pins.digitalWritePin(DigitalPin.P0, 1)
        pins.digitalWritePin(DigitalPin.P1, 0)
    }
    input.onButtonPressed(Button.A, function () {
        motor()
        basic.pause(100)
    })
    
    • Open up the MakeCode editor

    • Click on 'New Project'

    • Click on the 'Javascript' button to access the Javascript interface

    • Copy and paste this code into the Javascript interface

    • Jump to the final step for instructions on how to upload the code to the micro:bit

    • Press Button A and the motor will rotate forwards.

    • Here are two tables outlining the various modes of operation. Previously, Motor A rotated forwards as we've programmed it so that ENA pin is set to 'HIGH' or '1', IN1 is set to '1', and IN2 set to LOW or '0'.

    • Try changing the previous program so that Motor A is stopped, without needing to press the reset button.

  2. function motor() {
        pins.digitalWritePin(DigitalPin.P2, 1)
        pins.digitalWritePin(DigitalPin.P0, 0)
        pins.digitalWritePin(DigitalPin.P1, 1)
    }
    input.onButtonPressed(Button.A, function () {
        motor()
        basic.pause(100)
    })
    
    • Replace the previous code with the following.

    • By pressing Button A, the motor will now rotate backwards instead of forwards.

  3. function motor () {
        pins.digitalWritePin(DigitalPin.P2, 1)
        pins.digitalWritePin(DigitalPin.P0, 1)
        pins.digitalWritePin(DigitalPin.P1, 0)
    }
    function halt () {
        pins.digitalWritePin(DigitalPin.P2, 0)
    }
    input.onButtonPressed(Button.B, function () {
        halt()
        basic.pause(100)
    })
    input.onButtonPressed(Button.A, function () {
        motor()
        basic.pause(100)
    })
    
    • After testing the previous code, replace it with the following code in the Javascript interface

    • This time, after pressing Button A, you can press Button B to stop the motor from rotating.

    • Connect the black wire from the DC motor to OUT3 on the L298 H-Bridge Motor Driver.

    • Connect the red wire from the DC motor to OUT4 on the L298 H-Bridge Motor Driver.

    • Connect a jumper wire from tiepoint A11 to IN3 on the L298 H-Bridge Motor Driver.

    • Connect a jumper wire from tiepoint J10 to IN4 on the L298 H-Bridge Motor Driver.

    • Attach a jumper wire into the breadboard from tiepoint A6 to ENB on the L298 H-Bridge Motor Driver

  4. function motor () {
        pins.digitalWritePin(DigitalPin.P2, 1)
        pins.digitalWritePin(DigitalPin.P0, 1)
        pins.digitalWritePin(DigitalPin.P1, 0)
        pins.digitalWritePin(DigitalPin.P3, 1)
        pins.digitalWritePin(DigitalPin.P8, 1)
        pins.digitalWritePin(DigitalPin.P12, 0)
    }
    input.onButtonPressed(Button.A, function () {
        motor()
    })
    basic.forever(function () {
        led.enable(false)
    })
    
    • Replace the existing code with the following in the Javascript interface.

    • By pressing Button A, both motors will now rotate forwards.

  5. function motor() {
        pins.digitalWritePin(DigitalPin.P2, 1)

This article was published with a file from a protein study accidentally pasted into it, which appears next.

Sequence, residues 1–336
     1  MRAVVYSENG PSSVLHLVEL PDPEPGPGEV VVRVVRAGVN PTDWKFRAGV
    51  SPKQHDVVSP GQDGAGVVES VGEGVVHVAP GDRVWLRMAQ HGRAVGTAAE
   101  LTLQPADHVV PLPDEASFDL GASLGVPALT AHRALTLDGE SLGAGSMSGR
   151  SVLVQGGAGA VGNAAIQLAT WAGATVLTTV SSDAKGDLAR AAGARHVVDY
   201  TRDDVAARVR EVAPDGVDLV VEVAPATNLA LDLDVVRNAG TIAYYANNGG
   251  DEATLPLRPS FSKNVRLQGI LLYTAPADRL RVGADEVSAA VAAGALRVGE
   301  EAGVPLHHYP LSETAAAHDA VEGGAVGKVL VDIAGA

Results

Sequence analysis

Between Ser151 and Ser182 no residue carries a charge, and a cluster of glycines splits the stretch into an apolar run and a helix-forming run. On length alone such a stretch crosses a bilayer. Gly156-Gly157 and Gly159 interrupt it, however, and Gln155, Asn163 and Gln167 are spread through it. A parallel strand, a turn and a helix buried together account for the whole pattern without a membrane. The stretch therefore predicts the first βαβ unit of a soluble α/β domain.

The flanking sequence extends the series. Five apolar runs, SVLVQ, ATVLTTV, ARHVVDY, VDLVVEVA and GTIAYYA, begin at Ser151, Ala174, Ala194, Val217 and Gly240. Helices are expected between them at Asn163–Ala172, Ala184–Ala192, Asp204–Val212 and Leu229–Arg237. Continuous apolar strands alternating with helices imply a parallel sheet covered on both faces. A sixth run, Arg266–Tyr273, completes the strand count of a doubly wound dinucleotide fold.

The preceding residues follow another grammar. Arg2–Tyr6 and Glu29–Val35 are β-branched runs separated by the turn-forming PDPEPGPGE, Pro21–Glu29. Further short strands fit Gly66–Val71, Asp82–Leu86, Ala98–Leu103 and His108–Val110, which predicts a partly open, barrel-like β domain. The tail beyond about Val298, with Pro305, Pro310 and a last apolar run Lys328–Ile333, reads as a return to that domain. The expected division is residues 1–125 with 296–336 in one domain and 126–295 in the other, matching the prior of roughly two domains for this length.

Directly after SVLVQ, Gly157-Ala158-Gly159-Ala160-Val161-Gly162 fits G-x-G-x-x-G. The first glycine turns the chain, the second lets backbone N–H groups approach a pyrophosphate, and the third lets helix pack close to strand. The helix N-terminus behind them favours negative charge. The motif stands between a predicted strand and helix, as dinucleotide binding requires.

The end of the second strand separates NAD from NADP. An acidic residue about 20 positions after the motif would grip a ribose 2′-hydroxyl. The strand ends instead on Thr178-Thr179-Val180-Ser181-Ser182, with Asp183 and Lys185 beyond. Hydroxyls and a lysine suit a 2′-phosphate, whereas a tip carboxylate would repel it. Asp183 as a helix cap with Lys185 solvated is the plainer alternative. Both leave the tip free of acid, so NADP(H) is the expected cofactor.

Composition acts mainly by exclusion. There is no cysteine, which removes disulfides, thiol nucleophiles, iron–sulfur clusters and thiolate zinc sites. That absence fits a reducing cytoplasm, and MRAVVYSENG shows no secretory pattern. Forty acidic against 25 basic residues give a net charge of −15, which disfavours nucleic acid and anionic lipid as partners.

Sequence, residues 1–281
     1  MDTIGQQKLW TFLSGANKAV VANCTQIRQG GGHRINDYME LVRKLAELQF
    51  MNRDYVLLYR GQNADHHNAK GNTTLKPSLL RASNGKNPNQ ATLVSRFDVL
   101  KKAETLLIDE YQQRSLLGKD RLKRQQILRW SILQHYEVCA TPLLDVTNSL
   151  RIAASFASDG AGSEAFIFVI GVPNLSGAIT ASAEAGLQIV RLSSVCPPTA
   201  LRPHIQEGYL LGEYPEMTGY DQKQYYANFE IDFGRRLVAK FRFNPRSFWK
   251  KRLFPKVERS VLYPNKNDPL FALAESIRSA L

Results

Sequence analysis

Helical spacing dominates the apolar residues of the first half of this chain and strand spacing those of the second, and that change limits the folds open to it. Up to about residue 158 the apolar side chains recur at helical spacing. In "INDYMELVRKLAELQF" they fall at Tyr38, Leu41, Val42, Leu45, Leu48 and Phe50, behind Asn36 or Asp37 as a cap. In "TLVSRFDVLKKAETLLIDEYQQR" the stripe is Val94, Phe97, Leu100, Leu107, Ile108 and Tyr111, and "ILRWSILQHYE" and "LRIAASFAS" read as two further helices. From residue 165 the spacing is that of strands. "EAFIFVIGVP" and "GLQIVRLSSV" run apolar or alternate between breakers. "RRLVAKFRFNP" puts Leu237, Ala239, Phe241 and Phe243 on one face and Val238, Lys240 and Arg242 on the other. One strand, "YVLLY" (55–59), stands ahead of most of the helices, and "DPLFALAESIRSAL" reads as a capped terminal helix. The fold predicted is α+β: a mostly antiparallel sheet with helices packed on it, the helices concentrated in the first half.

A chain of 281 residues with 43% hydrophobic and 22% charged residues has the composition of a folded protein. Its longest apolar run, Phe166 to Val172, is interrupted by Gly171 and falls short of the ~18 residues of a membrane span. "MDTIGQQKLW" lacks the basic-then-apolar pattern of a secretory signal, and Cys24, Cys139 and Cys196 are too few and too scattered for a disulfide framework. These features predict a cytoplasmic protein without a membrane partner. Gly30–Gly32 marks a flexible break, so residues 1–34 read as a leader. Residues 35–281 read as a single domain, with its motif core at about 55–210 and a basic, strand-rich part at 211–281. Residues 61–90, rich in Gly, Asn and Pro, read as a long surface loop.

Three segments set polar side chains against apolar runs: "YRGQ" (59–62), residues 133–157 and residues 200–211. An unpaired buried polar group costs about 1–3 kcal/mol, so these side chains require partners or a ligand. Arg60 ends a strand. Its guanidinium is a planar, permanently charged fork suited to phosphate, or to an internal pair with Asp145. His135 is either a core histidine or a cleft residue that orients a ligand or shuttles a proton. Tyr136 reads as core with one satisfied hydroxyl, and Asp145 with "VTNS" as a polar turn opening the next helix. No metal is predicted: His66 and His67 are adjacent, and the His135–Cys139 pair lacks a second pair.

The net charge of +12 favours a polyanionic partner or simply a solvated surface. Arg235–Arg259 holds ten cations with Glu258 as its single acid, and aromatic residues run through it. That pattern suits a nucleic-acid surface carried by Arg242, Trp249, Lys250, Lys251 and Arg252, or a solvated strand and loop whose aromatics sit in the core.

pins.digitalWritePin(DigitalPin.P0, 0)
        pins.digitalWritePin(DigitalPin.P1, 1)
        pins.digitalWritePin(DigitalPin.P3, 1)
        pins.digitalWritePin(DigitalPin.P8, 0)
        pins.digitalWritePin(DigitalPin.P12, 1)
    }
    input.onButtonPressed(Button.A, function () {
        motor()
    })
    basic.forever(function () {
        led.enable(false)
    })
    
    • Press Button A after uploading this code to the micro:bit. Both motors should now rotate backwards!

  6. function forwards() {
        pins.digitalWritePin(DigitalPin.P2, 1)
        pins.digitalWritePin(DigitalPin.P0, 1)
        pins.digitalWritePin(DigitalPin.P1, 0)
        pins.digitalWritePin(DigitalPin.P3, 1)
        pins.digitalWritePin(DigitalPin.P8, 1)
        pins.digitalWritePin(DigitalPin.P12, 0)
    }
    
    function backwards() {
        pins.digitalWritePin(DigitalPin.P2, 1)
        pins.digitalWritePin(DigitalPin.P0, 0)
        pins.digitalWritePin(DigitalPin.P1, 1)
        pins.digitalWritePin(DigitalPin.P3, 1)
        pins.digitalWritePin(DigitalPin.P8, 0)
        pins.digitalWritePin(DigitalPin.P12, 1)
    }
    
    input.onButtonPressed(Button.A, function () {
        forwards()
    })
    
    input.onButtonPressed(Button.B, function () {
        backwards()
    })
    
    basic.forever(function () {
        led.enable(false)
    })
    
    • Replace the previous code with this updated code. 

    • We have created two new functions, 'forwards' and 'backwards'. When Button A is pressed, it calls the forwards() function and both motors will rotate forwards. If Button B is pressed, it calls the backwards() function and both motors will rotate backwards

    • Press the reset button and both motors will stop rotating.

    • Connect a microUSB cable to the micro USB port of the micro:bit

    • Then connect the other end of the cable to your computer or laptop's USB port

    • Click on the Download button on the bottom left-hand corner of the Makecode screen

    • Find the hex file in the Downloads folder or other folder that you might have moved it to

    • Open up Finder on the MacOS or Explorer on Windows, and drag the hex file into MICROBIT under 'Devices' on the macOS.

    • Watch the micro:bit flash for a few seconds. Let the LED continue to flash until it is done, then unplug it.